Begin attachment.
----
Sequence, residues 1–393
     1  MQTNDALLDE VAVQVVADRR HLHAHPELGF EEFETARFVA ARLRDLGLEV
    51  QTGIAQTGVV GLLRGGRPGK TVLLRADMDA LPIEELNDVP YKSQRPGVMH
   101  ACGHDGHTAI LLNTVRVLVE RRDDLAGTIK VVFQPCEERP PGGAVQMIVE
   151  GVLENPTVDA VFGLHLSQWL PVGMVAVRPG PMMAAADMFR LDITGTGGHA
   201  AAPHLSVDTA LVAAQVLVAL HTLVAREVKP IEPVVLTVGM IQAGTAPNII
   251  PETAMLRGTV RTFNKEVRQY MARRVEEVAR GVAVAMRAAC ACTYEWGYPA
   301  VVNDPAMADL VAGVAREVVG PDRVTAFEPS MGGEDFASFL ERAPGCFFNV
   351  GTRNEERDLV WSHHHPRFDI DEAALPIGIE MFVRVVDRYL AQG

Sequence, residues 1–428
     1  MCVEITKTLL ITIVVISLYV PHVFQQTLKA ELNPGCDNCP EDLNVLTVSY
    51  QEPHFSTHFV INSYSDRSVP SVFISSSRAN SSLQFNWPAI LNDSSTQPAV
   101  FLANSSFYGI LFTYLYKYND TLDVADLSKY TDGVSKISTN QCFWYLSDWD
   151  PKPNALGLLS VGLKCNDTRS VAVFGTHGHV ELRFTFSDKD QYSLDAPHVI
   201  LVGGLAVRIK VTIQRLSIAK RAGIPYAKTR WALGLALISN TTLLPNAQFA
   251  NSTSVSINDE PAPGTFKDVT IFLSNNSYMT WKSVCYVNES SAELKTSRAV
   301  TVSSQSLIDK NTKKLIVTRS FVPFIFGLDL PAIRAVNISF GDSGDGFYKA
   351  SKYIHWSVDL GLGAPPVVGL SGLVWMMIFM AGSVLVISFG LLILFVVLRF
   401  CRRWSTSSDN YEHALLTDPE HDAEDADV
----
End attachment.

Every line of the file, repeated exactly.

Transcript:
Sequence, residues 1–393
     1  MQTNDALLDE VAVQVVADRR HLHAHPELGF EEFETARFVA ARLRDLGLEV
    51  QTGIAQTGVV GLLRGGRPGK TVLLRADMDA LPIEELNDVP YKSQRPGVMH
   101  ACGHDGHTAI LLNTVRVLVE RRDDLAGTIK VVFQPCEERP PGGAVQMIVE
   151  GVLENPTVDA VFGLHLSQWL PVGMVAVRPG PMMAAADMFR LDITGTGGHA
   201  AAPHLSVDTA LVAAQVLVAL HTLVAREVKP IEPVVLTVGM IQAGTAPNII
   251  PETAMLRGTV RTFNKEVRQY MARRVEEVAR GVAVAMRAAC ACTYEWGYPA
   301  VVNDPAMADL VAGVAREVVG PDRVTAFEPS MGGEDFASFL ERAPGCFFNV
   351  GTRNEERDLV WSHHHPRFDI DEAALPIGIE MFVRVVDRYL AQG

Sequence, residues 1–428
     1  MCVEITKTLL ITIVVISLYV PHVFQQTLKA ELNPGCDNCP EDLNVLTVSY
    51  QEPHFSTHFV INSYSDRSVP SVFISSSRAN SSLQFNWPAI LNDSSTQPAV
   101  FLANSSFYGI LFTYLYKYND TLDVADLSKY TDGVSKISTN QCFWYLSDWD
   151  PKPNALGLLS VGLKCNDTRS VAVFGTHGHV ELRFTFSDKD QYSLDAPHVI
   201  LVGGLAVRIK VTIQRLSIAK RAGIPYAKTR WALGLALISN TTLLPNAQFA
   251  NSTSVSINDE PAPGTFKDVT IFLSNNSYMT WKSVCYVNES SAELKTSRAV
   301  TVSSQSLIDK NTKKLIVTRS FVPFIFGLDL PAIRAVNISF GDSGDGFYKA
   351  SKYIHWSVDL GLGAPPVVGL SGLVWMMIFM AGSVLVISFG LLILFVVLRF
   401  CRRWSTSSDN YEHALLTDPE HDAEDADV